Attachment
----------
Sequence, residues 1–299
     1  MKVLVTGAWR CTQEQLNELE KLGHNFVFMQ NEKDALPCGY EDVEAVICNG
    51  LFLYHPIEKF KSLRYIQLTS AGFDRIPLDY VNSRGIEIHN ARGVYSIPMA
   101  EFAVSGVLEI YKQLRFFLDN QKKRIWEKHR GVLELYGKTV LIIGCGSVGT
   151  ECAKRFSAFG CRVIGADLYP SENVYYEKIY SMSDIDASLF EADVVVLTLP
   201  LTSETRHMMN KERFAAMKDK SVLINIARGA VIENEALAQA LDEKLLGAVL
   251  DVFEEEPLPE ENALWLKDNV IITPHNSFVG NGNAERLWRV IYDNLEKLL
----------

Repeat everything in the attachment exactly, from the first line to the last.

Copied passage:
Sequence, residues 1–299
     1  MKVLVTGAWR CTQEQLNELE KLGHNFVFMQ NEKDALPCGY EDVEAVICNG
    51  LFLYHPIEKF KSLRYIQLTS AGFDRIPLDY VNSRGIEIHN ARGVYSIPMA
   101  EFAVSGVLEI YKQLRFFLDN QKKRIWEKHR GVLELYGKTV LIIGCGSVGT
   151  ECAKRFSAFG CRVIGADLYP SENVYYEKIY SMSDIDASLF EADVVVLTLP
   201  LTSETRHMMN KERFAAMKDK SVLINIARGA VIENEALAQA LDEKLLGAVL
   251  DVFEEEPLPE ENALWLKDNV IITPHNSFVG NGNAERLWRV IYDNLEKLL